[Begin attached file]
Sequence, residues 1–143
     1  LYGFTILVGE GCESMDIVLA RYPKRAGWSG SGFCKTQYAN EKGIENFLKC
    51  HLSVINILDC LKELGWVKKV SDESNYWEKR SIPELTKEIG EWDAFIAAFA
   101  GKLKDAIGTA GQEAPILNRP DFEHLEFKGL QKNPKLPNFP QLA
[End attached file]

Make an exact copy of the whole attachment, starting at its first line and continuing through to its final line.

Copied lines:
Sequence, residues 1–143
     1  LYGFTILVGE GCESMDIVLA RYPKRAGWSG SGFCKTQYAN EKGIENFLKC
    51  HLSVINILDC LKELGWVKKV SDESNYWEKR SIPELTKEIG EWDAFIAAFA
   101  GKLKDAIGTA GQEAPILNRP DFEHLEFKGL QKNPKLPNFP QLA